As Culver City’s 100th birthday approaches, the 3rd grade students at Linwood Howe were both studying the city’s history, as well as looking ahead another 100 years. As part of their Culver City history unit, the students toured multiple Culver City landmarks including St. Augustine’s Church, City Hall, Sony Studios, Culver Studios, the Culver Hotel, and Bill Botts Park. They also imagined what Culver City will look like 100 years from now, and brought their visions to life in the form of model cities. The students designed and built urban centers that include city halls, schools, hospitals, parks, business and retail centers, and communal living areas.
Angela Dyborn, a former Lin Howe parent who continues to volunteer at the school, facilitated visioning and planning sessions with the students, and managed the construction of the models with 3rd grade teachers Lilian Glassman, Lisa Schnauss and Manny Feeney. “There were some rather phenomenal teaching moments on so many levels,” said Ms. Dyborn. “For example, the 21st century competencies – creativity, critical thinking, collaboration and communication – were deeply embedded into this project. These type of skills are widely touted as critical for getting jobs in the increasingly pervasive and vital Creative Economy.”
The students worked in teams, and created the cities using a variety of craft items, plus recyclables such as cereal boxes, toilet paper rolls, and plastic food containers, all of which were donated by their families, or curated from T4T.org (Trash for Teachers).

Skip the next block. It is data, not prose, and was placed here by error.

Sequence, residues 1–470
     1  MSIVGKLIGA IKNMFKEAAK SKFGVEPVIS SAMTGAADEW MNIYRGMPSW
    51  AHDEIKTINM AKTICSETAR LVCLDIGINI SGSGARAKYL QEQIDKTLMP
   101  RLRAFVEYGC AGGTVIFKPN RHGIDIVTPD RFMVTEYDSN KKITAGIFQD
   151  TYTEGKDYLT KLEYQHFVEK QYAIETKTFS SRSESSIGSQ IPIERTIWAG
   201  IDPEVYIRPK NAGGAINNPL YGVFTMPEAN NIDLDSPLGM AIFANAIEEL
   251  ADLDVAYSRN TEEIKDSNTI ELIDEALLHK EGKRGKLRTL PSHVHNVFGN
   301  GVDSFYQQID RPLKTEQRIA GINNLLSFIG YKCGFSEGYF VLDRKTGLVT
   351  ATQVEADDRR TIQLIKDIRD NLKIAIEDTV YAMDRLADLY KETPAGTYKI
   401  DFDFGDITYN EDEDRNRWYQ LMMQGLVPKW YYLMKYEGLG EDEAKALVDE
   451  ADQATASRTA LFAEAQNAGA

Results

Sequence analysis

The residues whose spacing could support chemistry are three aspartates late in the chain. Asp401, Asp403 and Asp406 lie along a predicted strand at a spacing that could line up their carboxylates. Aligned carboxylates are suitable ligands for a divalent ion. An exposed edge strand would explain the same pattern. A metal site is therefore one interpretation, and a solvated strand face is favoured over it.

“These students are very aware of environmental issues, and know a lot about environmental stewardship,” added Ms. Dyborn. “I’m sure this is due in great part to CCUSD’s Green5 curriculum. While thinking about the future 100 years from now, they looked at this challenge with a green lens.”
Some environmental features include green rooftops with plants and trees, a self-contained transparent pod of schools that re-circulates clean air, and public transit that travels through the sky from building to building so as not to take up precious pedestrian space on the ground.
The students eagerly displayed their model cities at Lin Howe one week before the school year ended. One student commented, “At first I thought this project was impossible, but with a lot of hard work, now, I am so proud!”
With the Centennial approaching, the 3rd grade teachers and students realized it might be particularly meaningful for these future Culver City cities to live on, at least for a little while. Thanks to Assistant to the City Manager Shelly Wolfberg, the department of Parks & Rec, and Senior Program Specialist Debbie Cahill (also a former Lin Howe parent), the models are now on display at the Senior Center, and open for public viewing for the next couple of weeks.
The Senior Center is located on the northwest corner of Culver and Overland, at 4095 Overland Ave, Culver City, CA 90232. It is open from 9 am – 5 pm weekdays, and 12 – 4 pm weekends.
(Caution: Parking is very limited in the Senior Center parking lot, and requires a permit. It’s best to park across the street at Vet’s Park, which is free.)